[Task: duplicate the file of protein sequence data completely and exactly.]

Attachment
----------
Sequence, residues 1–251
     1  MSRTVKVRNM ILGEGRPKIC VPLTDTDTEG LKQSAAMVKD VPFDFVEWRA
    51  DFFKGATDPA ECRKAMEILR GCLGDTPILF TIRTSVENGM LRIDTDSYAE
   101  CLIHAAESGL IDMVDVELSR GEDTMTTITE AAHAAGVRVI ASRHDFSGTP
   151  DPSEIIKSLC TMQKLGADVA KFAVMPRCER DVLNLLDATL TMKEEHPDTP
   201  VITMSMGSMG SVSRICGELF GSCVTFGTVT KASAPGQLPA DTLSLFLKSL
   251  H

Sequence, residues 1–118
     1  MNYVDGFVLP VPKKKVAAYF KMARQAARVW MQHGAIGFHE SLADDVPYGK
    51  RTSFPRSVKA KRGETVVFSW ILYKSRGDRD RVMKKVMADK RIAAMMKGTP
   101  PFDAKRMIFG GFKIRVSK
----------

Sequence, residues 1–251
     1  MSRTVKVRNM ILGEGRPKIC VPLTDTDTEG LKQSAAMVKD VPFDFVEWRA
    51  DFFKGATDPA ECRKAMEILR GCLGDTPILF TIRTSVENGM LRIDTDSYAE
   101  CLIHAAESGL IDMVDVELSR GEDTMTTITE AAHAAGVRVI ASRHDFSGTP
   151  DPSEIIKSLC TMQKLGADVA KFAVMPRCER DVLNLLDATL TMKEEHPDTP
   201  VITMSMGSMG SVSRICGELF GSCVTFGTVT KASAPGQLPA DTLSLFLKSL
   251  H

Sequence, residues 1–118
     1  MNYVDGFVLP VPKKKVAAYF KMARQAARVW MQHGAIGFHE SLADDVPYGK
    51  RTSFPRSVKA KRGETVVFSW ILYKSRGDRD RVMKKVMADK RIAAMMKGTP
   101  PFDAKRMIFG GFKIRVSK